“Other than Epidiolex, a purified form of plant-derived CBD which was approved in 2018 for treatment of severe forms of epilepsy, all other forms of CBD are not approved by the FDA but are sold in a variety of formulations, including oral or topical oils, creams, sprays and tablets,” says Dr. Mauck. “They contain variable amounts of CBD, may contain other active compounds and may have labeling inaccuracies. Before using CBD or hemp oils, it’s important to consult with your physician about potential side effects and interactions with other medications.”
The legalization of marijuana for medicinal purposes has spurred intense interest by consumers in over-the-counter products containing CBD and hemp oil, which are now available in a broad range of edible, topical and vapable formats.
By Benjamin Ferrer
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Understanding CBD (Cannabidiol) for Back Pain
Cannabidiol, commonly referred to as CBD, is a new and relatively understudied treatment for pain, including back pain. Studies suggest it may help relieve inflammation, which is often a factor in chronic back pain. 1
CBD is available in many forms; topical creams and gels have shown promising results for inflammation and neuropathy, which may make them a good option for back and neck pain. 2
CBD requires more research in order to prove and explain its effectiveness as well as to better understand potential side effects (especially long-term) and potential drug interactions.
What Is CBD?
CBD oil is derived from a plant called cannabis sativa. The plant has over 100 chemical compounds, called cannabinoids, that have a range of effects, including anti-inflammatory and analgesic (pain relieving) qualities.
The cannabis sativa plant has two main varieties that are grown for specific purposes:
- THC content. THC is the compound associated with the “high” feeling of marijuana use.
- Industrial (non-drug) uses. This form of the plant contains trace amounts of THC (less than .03%) and can be used to make paper, clothing, and some building material. This variation of the cannabis plant is called hemp.
While CBD is present in both varieties, many of the CBD products available to consumers are from the hemp plant. CBD does not come with the high or psychogenic effects of marijuana.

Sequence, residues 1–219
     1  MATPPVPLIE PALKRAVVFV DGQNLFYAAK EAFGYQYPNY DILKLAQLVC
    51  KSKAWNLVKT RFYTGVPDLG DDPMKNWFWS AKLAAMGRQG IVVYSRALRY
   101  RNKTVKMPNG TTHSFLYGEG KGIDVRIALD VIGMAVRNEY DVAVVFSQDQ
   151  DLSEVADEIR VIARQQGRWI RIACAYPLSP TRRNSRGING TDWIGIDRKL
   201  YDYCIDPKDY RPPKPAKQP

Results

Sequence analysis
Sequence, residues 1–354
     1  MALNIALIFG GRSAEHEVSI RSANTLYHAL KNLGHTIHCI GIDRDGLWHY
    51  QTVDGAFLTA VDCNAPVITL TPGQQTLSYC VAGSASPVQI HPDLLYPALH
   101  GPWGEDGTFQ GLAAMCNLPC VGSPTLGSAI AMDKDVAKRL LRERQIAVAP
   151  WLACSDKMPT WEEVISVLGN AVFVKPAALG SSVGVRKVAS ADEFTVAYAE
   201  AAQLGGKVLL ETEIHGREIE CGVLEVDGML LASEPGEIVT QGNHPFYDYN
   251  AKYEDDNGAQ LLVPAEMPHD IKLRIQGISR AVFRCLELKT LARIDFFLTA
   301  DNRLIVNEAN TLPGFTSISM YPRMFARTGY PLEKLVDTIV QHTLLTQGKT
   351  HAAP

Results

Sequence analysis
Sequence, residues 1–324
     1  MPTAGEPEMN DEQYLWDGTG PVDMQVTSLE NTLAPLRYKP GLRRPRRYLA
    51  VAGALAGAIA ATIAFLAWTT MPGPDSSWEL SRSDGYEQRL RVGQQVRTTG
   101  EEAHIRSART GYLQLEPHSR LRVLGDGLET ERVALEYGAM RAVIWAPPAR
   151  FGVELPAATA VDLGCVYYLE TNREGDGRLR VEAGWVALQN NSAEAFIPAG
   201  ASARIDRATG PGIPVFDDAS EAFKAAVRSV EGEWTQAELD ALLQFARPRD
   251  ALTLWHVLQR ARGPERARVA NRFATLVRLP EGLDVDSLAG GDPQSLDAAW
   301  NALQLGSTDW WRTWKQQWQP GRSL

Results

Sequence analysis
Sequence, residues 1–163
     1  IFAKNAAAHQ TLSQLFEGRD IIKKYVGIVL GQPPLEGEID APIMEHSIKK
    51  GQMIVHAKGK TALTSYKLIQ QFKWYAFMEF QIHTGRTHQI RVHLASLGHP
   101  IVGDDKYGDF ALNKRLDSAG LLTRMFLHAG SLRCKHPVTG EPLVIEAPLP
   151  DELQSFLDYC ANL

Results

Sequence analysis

Ways CBD Treats Back Pain
Research indicates that CBD may reduce back pain by:
- Reducing inflammation 3
- Combating anxiety, often associated with long-lasting or chronic back pain 4
- Helping with sleep and improving overall state of relaxation 5
Some studies suggest that CBD can have an effect on how an individual perceives pain, but more robust research is needed. CBD is generally considered a full-body treatment, which means that it does not target back pain specifically—except in the case of topical products—but contributes to an overall feeling of relaxation and pain relief.
Advocates of CBD believe it can be used to treat a range of conditions in addition to back pain, such as anxiety-related disorders. 5
Potential Risks and Side Effects of CBD
Cannabidiol, even in high amounts, is generally safe. Side effects from CBD may include:
- Dry mouth
- Low blood pressure
More severe side effects, while rare, include:
- Mental confusion
As with other natural products, there is potential for adverse reactions when taken with other medications, especially those that come with grapefruit warnings, such as certain blood thinners. These warnings indicate that certain medications should not be taken with products containing grapefruit.
CBD use prior to surgery
Before having surgery, all cannabis use, including CBD and marijuana, should be disclosed to the surgeon or anesthesiologist. A recent study suggests that cannabis use may have an effect on medications used to sedate patients. 6